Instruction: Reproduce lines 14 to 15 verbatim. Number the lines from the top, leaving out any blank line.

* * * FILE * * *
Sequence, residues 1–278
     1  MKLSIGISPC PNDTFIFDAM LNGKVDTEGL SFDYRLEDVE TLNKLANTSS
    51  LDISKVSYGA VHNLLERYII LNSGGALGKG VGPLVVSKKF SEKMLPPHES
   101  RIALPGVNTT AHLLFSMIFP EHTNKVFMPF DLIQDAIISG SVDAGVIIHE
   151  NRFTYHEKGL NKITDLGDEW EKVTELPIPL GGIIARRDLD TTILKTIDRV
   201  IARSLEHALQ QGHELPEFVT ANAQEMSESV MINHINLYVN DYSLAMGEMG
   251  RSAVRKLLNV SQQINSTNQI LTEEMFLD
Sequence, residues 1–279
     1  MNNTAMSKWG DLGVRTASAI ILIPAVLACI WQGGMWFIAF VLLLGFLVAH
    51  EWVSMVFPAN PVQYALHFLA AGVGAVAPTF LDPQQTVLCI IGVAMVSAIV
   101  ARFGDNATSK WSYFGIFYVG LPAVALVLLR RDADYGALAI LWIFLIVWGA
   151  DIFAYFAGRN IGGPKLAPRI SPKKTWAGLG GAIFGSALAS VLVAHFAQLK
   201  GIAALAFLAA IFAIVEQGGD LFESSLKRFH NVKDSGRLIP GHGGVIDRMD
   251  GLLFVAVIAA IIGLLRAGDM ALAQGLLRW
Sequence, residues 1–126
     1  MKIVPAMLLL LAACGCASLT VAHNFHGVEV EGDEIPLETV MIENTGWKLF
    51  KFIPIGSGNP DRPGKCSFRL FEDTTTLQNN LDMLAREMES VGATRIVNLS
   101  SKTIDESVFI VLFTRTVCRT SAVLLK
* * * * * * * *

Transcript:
   251  GLLFVAVIAA IIGLLRAGDM ALAQGLLRW
Sequence, residues 1–126